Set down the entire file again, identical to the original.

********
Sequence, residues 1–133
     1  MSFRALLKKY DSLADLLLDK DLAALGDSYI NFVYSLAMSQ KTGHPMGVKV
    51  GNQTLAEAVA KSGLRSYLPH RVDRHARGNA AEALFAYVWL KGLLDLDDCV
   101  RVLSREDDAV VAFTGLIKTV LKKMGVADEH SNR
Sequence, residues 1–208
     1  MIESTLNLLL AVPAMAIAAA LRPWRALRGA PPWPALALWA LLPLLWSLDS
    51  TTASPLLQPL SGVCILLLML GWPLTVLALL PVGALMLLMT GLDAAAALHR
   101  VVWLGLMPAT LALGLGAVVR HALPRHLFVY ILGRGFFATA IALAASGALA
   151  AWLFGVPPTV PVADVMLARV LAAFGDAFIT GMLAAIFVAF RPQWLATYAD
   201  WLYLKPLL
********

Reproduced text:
Sequence, residues 1–133
     1  MSFRALLKKY DSLADLLLDK DLAALGDSYI NFVYSLAMSQ KTGHPMGVKV
    51  GNQTLAEAVA KSGLRSYLPH RVDRHARGNA AEALFAYVWL KGLLDLDDCV
   101  RVLSREDDAV VAFTGLIKTV LKKMGVADEH SNR
Sequence, residues 1–208
     1  MIESTLNLLL AVPAMAIAAA LRPWRALRGA PPWPALALWA LLPLLWSLDS
    51  TTASPLLQPL SGVCILLLML GWPLTVLALL PVGALMLLMT GLDAAAALHR
   101  VVWLGLMPAT LALGLGAVVR HALPRHLFVY ILGRGFFATA IALAASGALA
   151  AWLFGVPPTV PVADVMLARV LAAFGDAFIT GMLAAIFVAF RPQWLATYAD
   201  WLYLKPLL